conclusion YAYA individuals find themselves in frightening times, having to make decisions that will impact the rest of their lives. They’ve had to quickly adapt to the pandemic lifestyle and postpone their dreams in order to survive. Despite the significant forces against them, YAYA consumers have endured and learned to thrive in these difficult days. They have been in the dark most of their lives and, as they grow older, they push to escape from darkness and go into the daylight.
meet the team
account manager Vivi Abraham quantitative strategist ana hosomi qualitative strategist kayleigh peterson Pr account manager jasmine pierce media planner claire wilkins digital strategist joseph granat art director alec slonneger content manager kelly lopez graphic designer julia igel copywriter teresa cowden video producer lauren bunten
Meet the Team
methodology Our 67 question survey was distributed nationwide through Qualtrics. This resulted in 724 completed responses from YAYA consumers. The sample was representative of the U.S. Census Bureau data for 18- to 24-year-olds related to race, ethnicity and gender. In addition to our primary research, we utilized dozens of secondary resources, including Mintel, Pew Research Center, Forbes, Statista and Nielsen, plus past State of the YAYA reports, to gain a better insight into the evolving market.
A call for accountability and action The Deloitte Global 2021 Millennial and Gen Z Survey. (2021). Deloitte. https://www2.deloitte.com/content/dam/Deloitte/global/Documents/2021-deloitte-global-millennial-survey-report.pdf
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Auxier, B., & Anderson, M. (2021, April 7). Social media use in 2021. Pew Research Center: Internet, Science & Tech. https://www.pewresearch.org/internet/2021/04/07/social-media-usein-2021/
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Gen Z Republicans more likely than other Republicans to say blacks aren’t treated fairly. (n.d.). Pew Research Center’s Social & Demographic Trends Project. Retrieved April 12, 2022, from https://www.pewresearch.org/social-trends/wp-content/uploads/sites/3/2019/01/PSDT_1.17.19_ generations-03.png Attributions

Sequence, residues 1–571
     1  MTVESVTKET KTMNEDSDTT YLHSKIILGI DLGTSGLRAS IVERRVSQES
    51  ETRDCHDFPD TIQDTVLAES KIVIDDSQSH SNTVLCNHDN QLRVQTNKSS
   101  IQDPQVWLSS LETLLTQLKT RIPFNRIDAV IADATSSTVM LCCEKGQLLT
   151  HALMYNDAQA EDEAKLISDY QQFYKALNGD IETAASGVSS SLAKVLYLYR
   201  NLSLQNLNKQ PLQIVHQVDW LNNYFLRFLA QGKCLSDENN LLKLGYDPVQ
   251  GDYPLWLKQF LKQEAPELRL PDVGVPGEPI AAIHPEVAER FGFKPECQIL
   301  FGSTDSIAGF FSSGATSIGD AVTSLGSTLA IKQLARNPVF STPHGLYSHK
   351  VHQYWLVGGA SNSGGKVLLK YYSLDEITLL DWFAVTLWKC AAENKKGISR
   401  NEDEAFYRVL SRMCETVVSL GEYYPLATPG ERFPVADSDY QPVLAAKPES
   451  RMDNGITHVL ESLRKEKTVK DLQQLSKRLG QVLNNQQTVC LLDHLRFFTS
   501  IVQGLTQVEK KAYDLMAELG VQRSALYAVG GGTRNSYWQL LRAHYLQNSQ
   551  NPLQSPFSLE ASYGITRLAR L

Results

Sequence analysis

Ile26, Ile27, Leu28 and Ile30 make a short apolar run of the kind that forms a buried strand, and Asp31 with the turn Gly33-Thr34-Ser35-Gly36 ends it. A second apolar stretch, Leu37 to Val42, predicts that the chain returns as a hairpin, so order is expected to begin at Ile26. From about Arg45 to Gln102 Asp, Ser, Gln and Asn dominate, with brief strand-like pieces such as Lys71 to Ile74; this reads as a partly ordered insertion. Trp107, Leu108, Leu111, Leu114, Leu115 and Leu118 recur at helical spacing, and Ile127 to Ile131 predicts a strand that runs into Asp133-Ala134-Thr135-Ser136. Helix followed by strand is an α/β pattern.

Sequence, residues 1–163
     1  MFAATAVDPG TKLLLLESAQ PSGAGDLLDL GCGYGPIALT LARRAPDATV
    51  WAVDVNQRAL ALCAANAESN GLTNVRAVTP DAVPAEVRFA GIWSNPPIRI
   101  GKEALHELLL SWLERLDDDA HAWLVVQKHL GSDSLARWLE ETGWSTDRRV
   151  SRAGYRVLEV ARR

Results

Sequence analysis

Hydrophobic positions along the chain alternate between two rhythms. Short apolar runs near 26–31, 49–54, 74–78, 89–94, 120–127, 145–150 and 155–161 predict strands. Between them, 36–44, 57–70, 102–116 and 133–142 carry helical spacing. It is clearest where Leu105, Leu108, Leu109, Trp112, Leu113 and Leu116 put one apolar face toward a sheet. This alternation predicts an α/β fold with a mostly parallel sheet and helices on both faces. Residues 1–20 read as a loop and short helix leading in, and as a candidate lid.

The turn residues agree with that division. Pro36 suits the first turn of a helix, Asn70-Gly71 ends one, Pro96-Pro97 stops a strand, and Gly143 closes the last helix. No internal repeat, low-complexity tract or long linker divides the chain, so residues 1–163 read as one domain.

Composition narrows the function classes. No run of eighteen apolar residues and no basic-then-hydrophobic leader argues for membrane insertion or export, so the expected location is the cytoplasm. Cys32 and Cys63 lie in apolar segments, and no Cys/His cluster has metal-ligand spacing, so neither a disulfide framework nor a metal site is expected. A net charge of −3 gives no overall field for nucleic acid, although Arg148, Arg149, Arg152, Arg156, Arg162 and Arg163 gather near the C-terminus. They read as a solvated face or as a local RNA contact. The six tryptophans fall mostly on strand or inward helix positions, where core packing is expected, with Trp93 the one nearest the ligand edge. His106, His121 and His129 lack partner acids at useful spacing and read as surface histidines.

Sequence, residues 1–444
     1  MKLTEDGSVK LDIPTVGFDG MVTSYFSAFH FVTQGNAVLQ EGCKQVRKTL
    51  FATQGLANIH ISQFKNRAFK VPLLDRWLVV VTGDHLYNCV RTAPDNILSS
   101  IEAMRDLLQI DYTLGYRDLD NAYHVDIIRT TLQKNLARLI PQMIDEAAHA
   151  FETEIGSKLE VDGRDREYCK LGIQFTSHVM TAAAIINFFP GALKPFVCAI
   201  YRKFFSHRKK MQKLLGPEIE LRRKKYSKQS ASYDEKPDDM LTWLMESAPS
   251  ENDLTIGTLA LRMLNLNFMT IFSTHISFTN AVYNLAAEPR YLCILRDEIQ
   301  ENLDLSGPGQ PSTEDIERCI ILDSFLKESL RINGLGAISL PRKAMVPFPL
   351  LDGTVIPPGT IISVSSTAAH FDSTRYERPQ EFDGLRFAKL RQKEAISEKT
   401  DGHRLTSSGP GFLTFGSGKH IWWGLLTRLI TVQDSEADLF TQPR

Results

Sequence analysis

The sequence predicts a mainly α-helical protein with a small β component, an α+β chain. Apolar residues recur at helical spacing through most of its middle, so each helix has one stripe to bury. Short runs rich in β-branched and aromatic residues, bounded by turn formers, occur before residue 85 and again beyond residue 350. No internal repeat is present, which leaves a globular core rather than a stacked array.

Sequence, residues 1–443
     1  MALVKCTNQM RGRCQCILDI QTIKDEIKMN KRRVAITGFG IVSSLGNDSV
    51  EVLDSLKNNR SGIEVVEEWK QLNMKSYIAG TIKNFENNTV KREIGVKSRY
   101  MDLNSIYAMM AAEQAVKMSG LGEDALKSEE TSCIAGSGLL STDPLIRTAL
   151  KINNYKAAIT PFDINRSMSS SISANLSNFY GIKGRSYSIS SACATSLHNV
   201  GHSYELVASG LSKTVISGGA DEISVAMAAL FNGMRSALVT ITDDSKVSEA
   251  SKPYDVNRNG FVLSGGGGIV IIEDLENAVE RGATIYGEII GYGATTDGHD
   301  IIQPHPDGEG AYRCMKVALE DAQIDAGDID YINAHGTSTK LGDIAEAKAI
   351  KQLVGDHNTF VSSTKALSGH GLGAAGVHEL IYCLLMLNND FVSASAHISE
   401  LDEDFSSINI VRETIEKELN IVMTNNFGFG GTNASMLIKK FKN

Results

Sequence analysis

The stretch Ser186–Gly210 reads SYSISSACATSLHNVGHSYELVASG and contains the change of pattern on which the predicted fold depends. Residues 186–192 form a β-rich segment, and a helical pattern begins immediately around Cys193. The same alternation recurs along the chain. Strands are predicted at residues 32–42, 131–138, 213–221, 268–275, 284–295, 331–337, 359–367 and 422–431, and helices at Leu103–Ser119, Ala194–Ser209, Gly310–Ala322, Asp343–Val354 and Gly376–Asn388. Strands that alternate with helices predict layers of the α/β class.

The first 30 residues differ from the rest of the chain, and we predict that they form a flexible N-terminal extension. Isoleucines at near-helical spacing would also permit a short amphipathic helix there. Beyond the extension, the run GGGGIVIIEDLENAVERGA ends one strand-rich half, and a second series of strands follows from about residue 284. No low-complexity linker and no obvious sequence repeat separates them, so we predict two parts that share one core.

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MOJO Ad. (2022) 2022 State of the YAYA Quantitative Research Report. [Data file]. Unpublished raw data.
On the cusp of adulthood and facing an uncertain future: What we know about gen z so far. (2020, May 14). Pew Research Center’s Social & Demographic Trends Project. https://www. pewresearch.org/social-trends/2020/05/14/on-the-cusp-of-adulthood-and-facing-an-uncertainfuture-what-we-know-about-gen-z-so-far-2/
Parker, K., Graf, N., & Igielnik, R. (2019, January 17). Generation z looks a lot like millennials on key social and political issues. Pew Research Center’s Social & Demographic Trends Project. https:// www.pewresearch.org/social-trends/2019/01/17/generation-z-looks-a-lot-like-millennials-on-keysocial-and-political-issues/
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The deloitte global 2021 millennial and gen z survey. (n.d.). Deloitte. Retrieved April 12, 2022, from https://www2.deloitte.com/global/en/pages/about-deloitte/articles/millennialsurvey.html
Trust in news sources in the U.S. 2022. (n.d.). Statista. Retrieved April 12, 2022, from https://www. statista.com/statistics/1251903/trust-news-sources-us/
Walker, M., & Matsa, K. E. (2021, September 20). News consumption across social media in 2021. Pew Research Center’s Journalism Project. https://www.pewresearch.org/journalism/2021/09/20/news-consumption-across-social-media-in-2021/
What we know about marketing on TikTok | WARC. (n.d.). Retrieved April 12, 2022, from http:// origin.warc.com/content/paywall/article/bestprac/what-we-know-about-marketing-on-tiktok/ en-GB/131979